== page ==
This is also where you can put your social media connect buttons. It lets your visitors know which platforms you are on and how to connect with you there.

Page 5. Blog

You can give your blog a name, or not. From a technical perspective, the reason to blog is because every time you post something new (or update your website pages), the search engine algorithms rank you higher and make you easier to find. From a marketing perspective, the blog pulls readers to your writing.

Before you launch your website, I recommend you draft a half dozen or more short essays (500-1,000 words) that you can publish once your site goes live. If you are beginning to build your audience platform, I recommend you blog once a week at most and once a month at least. Having blogs in queue is advised for all, but especially for authors who are just starting to build an audience platform. When you are on vacation, delayed by weather or traffic, or suffering writer’s block or lack of time, these blog posts are your backup. You don’t have to be hustling to get something written in a hurry.

So what can you be blogging about? Write reviews or essays about books you’re reading that your audience will be interested in. If you’re working on your book proposal, then you know you’ll be reading comp titles and each one could be a blog post. Write about bookstore events you attend and interview authors you meet. You can write about topics related to the subject or subgenre of your work. Write about the places mentioned in your book. What you don’t want to do is give away the content of your book in your blog. A publisher won’t be interested in trying to sell a book if the content is available for free online.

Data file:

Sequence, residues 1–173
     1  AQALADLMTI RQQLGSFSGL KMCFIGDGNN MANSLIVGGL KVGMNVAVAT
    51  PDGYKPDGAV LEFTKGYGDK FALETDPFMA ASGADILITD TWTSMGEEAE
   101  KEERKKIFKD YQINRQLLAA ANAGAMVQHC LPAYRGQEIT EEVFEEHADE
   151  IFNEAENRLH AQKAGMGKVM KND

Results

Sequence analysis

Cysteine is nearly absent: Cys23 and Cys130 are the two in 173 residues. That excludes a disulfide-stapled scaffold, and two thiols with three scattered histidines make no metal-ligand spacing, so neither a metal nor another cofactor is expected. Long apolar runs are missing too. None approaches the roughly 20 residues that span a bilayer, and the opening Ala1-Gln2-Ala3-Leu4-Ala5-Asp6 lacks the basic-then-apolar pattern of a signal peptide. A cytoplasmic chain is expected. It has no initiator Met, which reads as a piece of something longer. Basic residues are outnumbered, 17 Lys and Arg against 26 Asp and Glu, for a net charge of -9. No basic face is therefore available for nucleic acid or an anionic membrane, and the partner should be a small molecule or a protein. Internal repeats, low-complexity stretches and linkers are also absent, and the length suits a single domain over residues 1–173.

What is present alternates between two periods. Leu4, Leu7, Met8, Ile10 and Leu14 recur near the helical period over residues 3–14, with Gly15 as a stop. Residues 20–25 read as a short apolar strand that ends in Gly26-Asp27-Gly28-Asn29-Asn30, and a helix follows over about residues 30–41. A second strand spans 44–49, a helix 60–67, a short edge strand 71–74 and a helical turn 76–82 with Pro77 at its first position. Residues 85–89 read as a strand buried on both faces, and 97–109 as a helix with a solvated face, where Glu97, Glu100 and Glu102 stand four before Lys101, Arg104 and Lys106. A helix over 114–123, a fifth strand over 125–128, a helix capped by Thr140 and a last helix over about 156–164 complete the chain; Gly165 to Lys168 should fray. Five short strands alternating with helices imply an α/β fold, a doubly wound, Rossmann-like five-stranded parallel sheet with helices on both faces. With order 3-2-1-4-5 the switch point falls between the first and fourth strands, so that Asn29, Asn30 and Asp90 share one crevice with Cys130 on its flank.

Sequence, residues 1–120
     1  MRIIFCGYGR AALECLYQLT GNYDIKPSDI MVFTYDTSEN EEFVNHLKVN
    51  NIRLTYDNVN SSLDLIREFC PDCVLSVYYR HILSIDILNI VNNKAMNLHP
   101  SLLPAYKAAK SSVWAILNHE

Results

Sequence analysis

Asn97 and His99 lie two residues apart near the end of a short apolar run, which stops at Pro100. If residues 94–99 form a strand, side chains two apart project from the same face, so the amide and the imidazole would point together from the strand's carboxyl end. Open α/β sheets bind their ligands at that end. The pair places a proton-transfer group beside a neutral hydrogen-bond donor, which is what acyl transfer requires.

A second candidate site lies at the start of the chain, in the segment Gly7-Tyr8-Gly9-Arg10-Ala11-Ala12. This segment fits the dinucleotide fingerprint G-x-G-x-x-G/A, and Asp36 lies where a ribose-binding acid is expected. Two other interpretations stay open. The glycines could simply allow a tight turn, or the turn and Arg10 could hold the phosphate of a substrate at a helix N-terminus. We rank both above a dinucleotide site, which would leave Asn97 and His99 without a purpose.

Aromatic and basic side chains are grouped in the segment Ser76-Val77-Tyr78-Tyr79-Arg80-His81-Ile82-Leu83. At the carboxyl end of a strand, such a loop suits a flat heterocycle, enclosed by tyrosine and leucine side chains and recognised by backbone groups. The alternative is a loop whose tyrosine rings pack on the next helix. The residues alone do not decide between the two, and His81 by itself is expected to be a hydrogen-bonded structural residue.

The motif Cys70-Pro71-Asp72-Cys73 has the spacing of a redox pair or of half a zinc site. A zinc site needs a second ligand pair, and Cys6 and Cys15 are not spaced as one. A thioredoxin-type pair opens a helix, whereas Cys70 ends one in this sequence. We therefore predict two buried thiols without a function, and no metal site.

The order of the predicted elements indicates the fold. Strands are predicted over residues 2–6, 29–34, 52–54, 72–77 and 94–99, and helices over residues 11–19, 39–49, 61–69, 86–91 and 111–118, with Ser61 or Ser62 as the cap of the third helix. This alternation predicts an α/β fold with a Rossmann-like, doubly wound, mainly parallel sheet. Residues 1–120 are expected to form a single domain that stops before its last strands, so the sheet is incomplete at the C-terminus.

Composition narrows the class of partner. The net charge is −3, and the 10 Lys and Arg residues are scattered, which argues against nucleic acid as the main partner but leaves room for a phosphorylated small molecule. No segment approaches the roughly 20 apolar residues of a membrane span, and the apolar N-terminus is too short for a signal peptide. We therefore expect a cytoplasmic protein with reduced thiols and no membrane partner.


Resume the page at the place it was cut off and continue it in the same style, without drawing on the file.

Blogging also allows you to engage with your readers when they leave comments. WordPress allows you to review, edit, accept or deny all comments on any post before publication, and it is very effective at filtering spam.  Be sure to respond to those who leave comments and engage in conversation.

Strongly recommended is the installation of a plugin to permit visitors to sign up for email subscriptions to your blog. Building an email list of those who are interested in your writing and have exercised “opt-in” to receive email communications from you will become important to your marketing once the book is published.